Q: How do people find out about The 70273 Project?
A: Through high tech social media and good old-fashioned grass roots spreading and every way in between.
Jeanne and Bethany with her first quilt. She had to borrow a sewing machine and rotary cutter. We’re talking total novice, y’all.
So once upon a time, there was a lovely lass named Bethany, a newspaper reporter on assignment. When Bethany commented on the lovely quilts, the tables were turned and she was asked if she was a quilter. Her answer that day was no, but soon enough, our Bethany took the advise of the woman she was interviewing and signed up for one of Denniele Bohannen’s classes, and the rest, as they say, is her story.
Then the day came when Bethany landed a job just over yonder from me in North Carolina, and today she and Chris brought the camera and microphone and spent the morning in The Dissenter’s Chapel & Snug (my studio) looking at The 70273 Project quilts, asking good questions, and listening to my answers and stories. I don’t know when I’ve had so much fun, y’all.
In her star quilt, there were bicycles for her mother, an avid cyclist . . .
and a nod to science (atoms) for her dad . . .
and newspaper for journalist self. I see a theme in Bethany’s quilts: black and what and read all over. Or for those of you who don’t remember that childhood riddle, journalistic communication. It’s part of Bethany’s life, and it’s part of her quilty signature.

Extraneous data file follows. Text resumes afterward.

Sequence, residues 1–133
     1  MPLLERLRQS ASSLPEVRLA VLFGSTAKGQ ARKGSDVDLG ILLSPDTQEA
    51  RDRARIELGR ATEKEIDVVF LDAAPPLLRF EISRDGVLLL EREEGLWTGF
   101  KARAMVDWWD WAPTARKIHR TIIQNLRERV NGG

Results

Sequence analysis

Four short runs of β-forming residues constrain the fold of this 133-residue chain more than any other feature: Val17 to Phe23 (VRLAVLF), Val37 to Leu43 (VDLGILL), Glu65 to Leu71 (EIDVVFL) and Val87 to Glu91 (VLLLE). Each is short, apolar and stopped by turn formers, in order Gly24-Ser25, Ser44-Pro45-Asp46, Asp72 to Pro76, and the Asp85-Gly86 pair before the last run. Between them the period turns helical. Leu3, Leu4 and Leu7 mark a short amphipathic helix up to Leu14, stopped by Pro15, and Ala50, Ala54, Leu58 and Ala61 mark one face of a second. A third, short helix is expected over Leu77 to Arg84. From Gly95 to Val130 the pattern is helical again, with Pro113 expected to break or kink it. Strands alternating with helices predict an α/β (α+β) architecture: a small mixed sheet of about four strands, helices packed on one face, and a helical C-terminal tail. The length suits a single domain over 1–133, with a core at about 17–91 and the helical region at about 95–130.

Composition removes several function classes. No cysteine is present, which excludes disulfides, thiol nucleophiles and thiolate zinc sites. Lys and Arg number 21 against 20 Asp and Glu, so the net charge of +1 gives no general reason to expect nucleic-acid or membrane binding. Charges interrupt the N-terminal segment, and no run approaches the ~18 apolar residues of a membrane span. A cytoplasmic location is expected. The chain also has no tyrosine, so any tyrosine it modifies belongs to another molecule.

Bethany and her Churn Dash quilt she made in another one of Denniele’s classes. Note the backing fabric. Just sayin’.
And you know what else? Bethany brought a suitcase filled with her beautiful quilts and treated me to a private showing-for-one exhibit of her quilts. Pinch me.
Chris wanted to get a shot of me making blocks on my sewing machine – a 44 year old beauty The Engineer bought for me with proceeds from winning two radio contests the first year we were married. Now for all you eagle-eyed stitchers and non-stitchers who like finding bloops in films, if you see this story on the WXII web site, you’ll chortle when you note that I ran out of thread before I’d stitched a single leg of a single red X. “Keep stitching,” Chris said, so I stitched and stitched and stitched some more . . . without any thread in the bobbin!
You’ll be hearing more about Bethany and Chris in another blog post coming later this week, so stay tuned. Thank you, Bethany and Chris, for this wonderful opportunity to let people know about The 70273 Project. It was so much fun, and I’m serious about y’all coming back with your families for a weekend. I’ll leave the light on.
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